Trump Jr. testifies again in $250 million fraud trial

Donald Trump Jr., former President Donald Trump’s son, enters New York State Supreme Court for his civil fraud trial on November 13, 2023 in New York City.¬†

Spencer Platt | Getty Images

Donald Trump Jr. took a breezy turn on the witness stand Monday to kick off the defense’s case in the $250 million civil fraud trial taking aim at former president Donald Trump‘s New York business empire.

Defense attorneys spent much of their time asking about the Trump Organization’s wide portfolio of properties, and Trump Jr. took the opportunity to boast at length about the company’s hotels, golf courses and high-rise buildings.

Trump Jr.’s testimony offered little to directly counter the claims at the heart of New York Attorney General Letitia James’ case accusing him, his father and other co-defendants of committing years of business fraud.

The defense lawyers began laying out their case four days after failing in their latest bid to have James’ fraud claims thrown out.

James accuses Trump Sr., his adult sons Trump Jr. and Eric Trump, the Trump Organization and its top executives of fraudulently inflating the values of Trump’s assets in order to boost his net worth and reap an array of financial benefits.

The AG seeks around $250 million in damages and wants to permanently bar Trump and his sons, who took over the Trump Organization after their father became president in 2017, from running another New York business.

Manhattan Supreme Court Judge Arthur Engoron has already ruled that the defendants are liable for fraudulently misstating the values of real estate properties and other assets on Trump’s financial records. Engoron’s pretrial ruling also ordered the cancellation of the defendants’ New York business certificates, though an appeals court has temporarily blocked that order from taking effect.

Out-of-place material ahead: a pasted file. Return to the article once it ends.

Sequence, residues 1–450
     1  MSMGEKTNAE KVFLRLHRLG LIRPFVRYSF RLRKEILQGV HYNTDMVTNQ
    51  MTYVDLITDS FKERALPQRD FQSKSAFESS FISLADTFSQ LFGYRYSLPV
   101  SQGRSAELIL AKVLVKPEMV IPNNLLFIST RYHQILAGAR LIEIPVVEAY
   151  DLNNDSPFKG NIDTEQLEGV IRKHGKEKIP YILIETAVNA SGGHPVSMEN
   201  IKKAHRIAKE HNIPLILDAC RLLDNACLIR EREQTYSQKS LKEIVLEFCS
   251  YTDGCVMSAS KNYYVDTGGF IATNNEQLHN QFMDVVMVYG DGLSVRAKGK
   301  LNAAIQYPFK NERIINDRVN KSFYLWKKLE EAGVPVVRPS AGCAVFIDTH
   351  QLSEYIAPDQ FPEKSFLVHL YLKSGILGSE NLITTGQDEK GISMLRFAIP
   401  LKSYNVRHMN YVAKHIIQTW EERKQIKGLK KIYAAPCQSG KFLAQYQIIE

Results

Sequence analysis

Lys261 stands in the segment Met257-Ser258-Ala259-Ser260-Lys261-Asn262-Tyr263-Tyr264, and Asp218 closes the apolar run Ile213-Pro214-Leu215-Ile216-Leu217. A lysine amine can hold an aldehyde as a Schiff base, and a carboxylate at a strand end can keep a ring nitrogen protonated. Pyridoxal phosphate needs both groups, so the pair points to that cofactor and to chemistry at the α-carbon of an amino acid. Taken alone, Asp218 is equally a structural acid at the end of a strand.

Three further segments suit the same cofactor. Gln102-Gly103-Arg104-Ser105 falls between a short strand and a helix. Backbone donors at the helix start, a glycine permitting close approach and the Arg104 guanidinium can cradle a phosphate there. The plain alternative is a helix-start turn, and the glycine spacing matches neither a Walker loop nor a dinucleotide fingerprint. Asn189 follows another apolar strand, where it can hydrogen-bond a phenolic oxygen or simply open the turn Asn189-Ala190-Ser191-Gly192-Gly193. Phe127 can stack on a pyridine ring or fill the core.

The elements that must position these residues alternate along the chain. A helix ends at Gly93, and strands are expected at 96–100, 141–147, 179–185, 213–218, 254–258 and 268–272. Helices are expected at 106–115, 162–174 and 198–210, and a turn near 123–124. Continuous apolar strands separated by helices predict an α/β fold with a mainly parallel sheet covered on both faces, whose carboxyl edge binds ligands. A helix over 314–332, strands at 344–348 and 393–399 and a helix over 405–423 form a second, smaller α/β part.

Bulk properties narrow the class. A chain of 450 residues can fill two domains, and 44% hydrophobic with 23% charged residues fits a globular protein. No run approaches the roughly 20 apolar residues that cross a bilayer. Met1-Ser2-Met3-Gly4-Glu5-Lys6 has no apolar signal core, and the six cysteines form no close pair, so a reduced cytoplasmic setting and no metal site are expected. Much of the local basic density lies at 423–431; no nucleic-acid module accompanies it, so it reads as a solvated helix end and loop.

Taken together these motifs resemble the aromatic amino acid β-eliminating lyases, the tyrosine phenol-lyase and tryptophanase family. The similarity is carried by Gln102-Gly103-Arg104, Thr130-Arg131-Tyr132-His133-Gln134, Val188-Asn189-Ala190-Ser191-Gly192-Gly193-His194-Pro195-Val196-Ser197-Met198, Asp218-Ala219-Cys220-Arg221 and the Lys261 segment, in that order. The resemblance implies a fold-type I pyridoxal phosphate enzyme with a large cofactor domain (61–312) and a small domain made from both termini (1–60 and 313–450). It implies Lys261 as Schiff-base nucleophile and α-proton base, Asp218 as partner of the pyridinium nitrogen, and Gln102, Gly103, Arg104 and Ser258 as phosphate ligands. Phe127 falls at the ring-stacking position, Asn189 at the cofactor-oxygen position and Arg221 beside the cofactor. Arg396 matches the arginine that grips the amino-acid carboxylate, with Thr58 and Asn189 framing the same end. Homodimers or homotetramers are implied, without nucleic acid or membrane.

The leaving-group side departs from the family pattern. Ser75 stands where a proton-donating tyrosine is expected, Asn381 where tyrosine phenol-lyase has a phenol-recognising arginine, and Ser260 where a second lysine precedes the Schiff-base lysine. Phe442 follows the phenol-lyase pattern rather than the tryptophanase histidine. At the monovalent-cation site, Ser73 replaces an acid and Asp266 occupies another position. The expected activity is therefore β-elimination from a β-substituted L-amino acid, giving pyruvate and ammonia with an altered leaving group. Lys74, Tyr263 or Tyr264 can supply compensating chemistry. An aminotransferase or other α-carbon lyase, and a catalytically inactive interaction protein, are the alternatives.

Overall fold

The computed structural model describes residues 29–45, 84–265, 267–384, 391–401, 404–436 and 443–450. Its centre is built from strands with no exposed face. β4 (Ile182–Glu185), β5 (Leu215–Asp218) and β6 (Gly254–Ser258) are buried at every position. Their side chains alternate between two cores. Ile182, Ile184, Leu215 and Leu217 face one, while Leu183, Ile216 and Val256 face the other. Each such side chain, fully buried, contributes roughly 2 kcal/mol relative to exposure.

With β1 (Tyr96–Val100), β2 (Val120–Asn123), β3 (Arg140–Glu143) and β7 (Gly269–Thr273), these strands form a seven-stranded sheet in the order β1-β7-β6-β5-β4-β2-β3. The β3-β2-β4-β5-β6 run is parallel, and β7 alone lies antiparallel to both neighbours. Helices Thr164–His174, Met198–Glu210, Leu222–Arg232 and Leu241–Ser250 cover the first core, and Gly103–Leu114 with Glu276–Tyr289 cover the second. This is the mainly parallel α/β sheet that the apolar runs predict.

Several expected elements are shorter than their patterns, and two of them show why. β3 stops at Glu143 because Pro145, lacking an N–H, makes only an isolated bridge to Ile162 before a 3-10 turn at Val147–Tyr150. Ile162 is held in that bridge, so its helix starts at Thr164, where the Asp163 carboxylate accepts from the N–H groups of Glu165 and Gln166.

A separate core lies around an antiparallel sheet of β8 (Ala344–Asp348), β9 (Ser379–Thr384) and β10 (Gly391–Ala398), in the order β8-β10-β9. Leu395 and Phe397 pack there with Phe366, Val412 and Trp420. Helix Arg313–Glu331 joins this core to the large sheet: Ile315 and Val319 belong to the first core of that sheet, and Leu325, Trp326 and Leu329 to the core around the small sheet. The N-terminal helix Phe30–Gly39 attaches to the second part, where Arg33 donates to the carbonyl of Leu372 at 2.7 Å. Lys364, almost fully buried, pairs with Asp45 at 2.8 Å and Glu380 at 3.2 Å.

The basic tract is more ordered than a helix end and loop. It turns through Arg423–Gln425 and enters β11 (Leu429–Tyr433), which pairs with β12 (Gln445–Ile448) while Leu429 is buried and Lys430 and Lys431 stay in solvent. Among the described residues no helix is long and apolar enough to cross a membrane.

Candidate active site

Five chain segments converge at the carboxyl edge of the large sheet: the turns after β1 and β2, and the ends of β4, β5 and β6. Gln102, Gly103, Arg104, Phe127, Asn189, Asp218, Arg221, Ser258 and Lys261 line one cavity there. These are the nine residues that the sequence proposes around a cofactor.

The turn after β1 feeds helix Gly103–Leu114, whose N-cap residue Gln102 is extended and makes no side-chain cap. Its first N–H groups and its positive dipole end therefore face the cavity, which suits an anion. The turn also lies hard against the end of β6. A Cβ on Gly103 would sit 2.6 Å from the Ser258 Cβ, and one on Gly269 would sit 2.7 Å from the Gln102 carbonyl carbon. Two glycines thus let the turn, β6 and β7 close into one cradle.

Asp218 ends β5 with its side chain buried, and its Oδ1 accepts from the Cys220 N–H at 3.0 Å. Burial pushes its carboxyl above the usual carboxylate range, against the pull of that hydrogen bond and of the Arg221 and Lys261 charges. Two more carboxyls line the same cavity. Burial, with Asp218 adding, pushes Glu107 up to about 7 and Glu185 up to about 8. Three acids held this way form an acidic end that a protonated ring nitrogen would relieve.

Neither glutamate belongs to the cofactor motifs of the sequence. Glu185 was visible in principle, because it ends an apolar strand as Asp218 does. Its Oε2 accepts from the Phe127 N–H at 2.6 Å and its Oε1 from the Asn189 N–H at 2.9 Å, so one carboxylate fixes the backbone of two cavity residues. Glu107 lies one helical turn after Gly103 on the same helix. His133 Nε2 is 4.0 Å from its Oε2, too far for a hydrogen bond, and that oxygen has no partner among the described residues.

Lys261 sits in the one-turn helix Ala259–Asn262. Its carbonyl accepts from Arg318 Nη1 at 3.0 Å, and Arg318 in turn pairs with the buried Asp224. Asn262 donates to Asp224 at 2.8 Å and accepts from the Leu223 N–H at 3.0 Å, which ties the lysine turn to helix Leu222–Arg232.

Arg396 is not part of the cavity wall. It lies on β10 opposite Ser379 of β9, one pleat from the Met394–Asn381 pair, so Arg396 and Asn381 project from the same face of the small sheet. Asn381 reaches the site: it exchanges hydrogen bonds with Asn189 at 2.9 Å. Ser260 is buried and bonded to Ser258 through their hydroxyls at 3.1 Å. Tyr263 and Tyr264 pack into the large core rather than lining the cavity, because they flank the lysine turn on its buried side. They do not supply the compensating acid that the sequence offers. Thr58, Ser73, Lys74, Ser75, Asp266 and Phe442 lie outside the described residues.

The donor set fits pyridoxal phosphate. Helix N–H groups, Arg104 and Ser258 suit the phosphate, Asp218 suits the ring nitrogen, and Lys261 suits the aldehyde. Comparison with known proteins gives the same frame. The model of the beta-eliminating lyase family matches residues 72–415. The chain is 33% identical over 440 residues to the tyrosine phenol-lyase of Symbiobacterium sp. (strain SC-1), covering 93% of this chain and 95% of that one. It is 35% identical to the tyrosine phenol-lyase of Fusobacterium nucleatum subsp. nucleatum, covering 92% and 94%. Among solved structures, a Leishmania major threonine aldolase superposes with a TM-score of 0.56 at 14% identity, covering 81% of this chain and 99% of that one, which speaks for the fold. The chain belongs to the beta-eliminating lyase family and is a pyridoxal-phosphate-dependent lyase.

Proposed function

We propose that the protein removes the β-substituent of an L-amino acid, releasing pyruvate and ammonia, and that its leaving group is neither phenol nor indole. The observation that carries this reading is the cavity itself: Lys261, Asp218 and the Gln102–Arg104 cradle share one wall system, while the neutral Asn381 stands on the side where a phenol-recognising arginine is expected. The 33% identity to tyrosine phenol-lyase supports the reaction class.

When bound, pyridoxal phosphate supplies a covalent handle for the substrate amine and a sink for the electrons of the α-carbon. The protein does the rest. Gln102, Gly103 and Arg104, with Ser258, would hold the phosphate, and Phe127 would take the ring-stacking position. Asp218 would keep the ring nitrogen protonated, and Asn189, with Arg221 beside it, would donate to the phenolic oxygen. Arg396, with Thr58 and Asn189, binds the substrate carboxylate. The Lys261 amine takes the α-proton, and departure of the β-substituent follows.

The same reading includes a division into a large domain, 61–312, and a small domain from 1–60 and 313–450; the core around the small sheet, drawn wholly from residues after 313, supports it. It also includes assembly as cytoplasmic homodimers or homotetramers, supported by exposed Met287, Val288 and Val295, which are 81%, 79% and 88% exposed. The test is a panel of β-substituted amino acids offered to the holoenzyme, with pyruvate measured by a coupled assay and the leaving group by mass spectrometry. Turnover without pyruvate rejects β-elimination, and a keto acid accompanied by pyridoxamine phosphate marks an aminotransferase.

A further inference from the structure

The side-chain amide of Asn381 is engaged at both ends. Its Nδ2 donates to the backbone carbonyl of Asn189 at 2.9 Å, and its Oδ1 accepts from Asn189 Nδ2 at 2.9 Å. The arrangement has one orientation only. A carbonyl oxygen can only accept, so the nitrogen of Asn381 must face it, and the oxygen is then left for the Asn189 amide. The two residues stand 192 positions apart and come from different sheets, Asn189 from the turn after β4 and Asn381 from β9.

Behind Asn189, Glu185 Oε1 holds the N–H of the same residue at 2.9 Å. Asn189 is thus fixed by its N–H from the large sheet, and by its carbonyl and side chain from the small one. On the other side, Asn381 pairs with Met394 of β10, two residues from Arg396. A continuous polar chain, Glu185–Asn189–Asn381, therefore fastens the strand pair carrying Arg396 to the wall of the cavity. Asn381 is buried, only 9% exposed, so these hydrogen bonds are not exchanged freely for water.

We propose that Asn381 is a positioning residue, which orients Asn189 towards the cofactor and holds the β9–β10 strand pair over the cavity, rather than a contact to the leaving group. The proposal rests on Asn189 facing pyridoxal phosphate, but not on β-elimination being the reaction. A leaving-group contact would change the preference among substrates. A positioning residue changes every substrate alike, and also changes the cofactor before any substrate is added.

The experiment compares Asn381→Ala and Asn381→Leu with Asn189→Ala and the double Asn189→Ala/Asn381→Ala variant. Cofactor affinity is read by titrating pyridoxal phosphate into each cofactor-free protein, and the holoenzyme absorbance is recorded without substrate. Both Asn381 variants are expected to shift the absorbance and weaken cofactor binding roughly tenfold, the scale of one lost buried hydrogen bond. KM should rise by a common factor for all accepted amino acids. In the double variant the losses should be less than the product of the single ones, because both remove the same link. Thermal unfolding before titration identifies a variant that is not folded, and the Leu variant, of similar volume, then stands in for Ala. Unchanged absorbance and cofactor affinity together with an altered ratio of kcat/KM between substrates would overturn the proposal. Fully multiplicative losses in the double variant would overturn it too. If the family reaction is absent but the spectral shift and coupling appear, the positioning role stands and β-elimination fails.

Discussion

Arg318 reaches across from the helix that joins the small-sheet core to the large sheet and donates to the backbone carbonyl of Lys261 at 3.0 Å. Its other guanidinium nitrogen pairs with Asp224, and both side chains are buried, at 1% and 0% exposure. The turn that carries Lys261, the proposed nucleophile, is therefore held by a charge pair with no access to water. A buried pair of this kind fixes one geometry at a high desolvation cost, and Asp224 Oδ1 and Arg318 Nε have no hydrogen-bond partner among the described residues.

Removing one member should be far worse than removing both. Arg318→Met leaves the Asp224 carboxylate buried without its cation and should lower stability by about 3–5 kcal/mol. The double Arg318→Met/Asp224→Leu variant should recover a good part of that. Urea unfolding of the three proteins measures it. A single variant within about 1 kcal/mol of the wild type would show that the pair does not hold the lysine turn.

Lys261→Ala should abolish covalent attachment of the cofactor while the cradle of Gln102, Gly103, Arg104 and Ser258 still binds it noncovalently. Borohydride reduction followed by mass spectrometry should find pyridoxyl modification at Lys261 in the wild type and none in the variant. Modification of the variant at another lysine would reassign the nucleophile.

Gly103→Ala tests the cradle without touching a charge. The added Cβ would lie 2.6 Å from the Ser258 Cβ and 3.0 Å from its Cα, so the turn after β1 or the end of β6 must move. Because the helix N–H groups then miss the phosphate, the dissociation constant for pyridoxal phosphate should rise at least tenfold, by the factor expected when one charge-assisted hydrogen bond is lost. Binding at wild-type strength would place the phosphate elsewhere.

The trial, which is being conducted without a jury, will determine penalties and resolve other claims in James’ lawsuit.

State lawyers rested their case in chief last week, following testimony from Trump and three of his adult children. Ivanka Trump, who in June was dismissed as a defendant by an appeals court, was the last of more than two dozen witnesses questioned by the state.

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In his first round on the stand in early November, Trump Jr. testified that he was not involved in preparing the so-called “statements of financial condition” at the heart of James’ case. He said he relied on accountants employed by the company, primarily Donald Bender, a former Trump family accountant.

Bender had previously testified that the information he used to assemble the financial statements was provided to him by the Trump Organization.

Trump Jr. was expected to face questions on Monday and Tuesday. But he was dismissed on Monday afternoon, and the defense called Trump tax lawyer Sheri Dillon back up to the stand.

Last week, defense lawyers requested to have the case thrown out, arguing that the AG’s office had not established any victim or injury in the case. They pointed to the fact that the loans obtained via the disputed financial statements were paid back on time and with interest.

Engoron has already rejected this argument, saying last month that the case contained enough evidence to “fill the courtroom.”

Trump and his allies have attacked Engoron at length in and out of the courtroom. Trump complained about the judge, saying he “always rules against me” and calling the trial “unfair,” while sitting next to him during his sworn testimony last week.

On Friday, House Republican Conference Chair Rep. Elise Stefanik filed an ethics complaint¬†calling for Engoron’s removal from the case.

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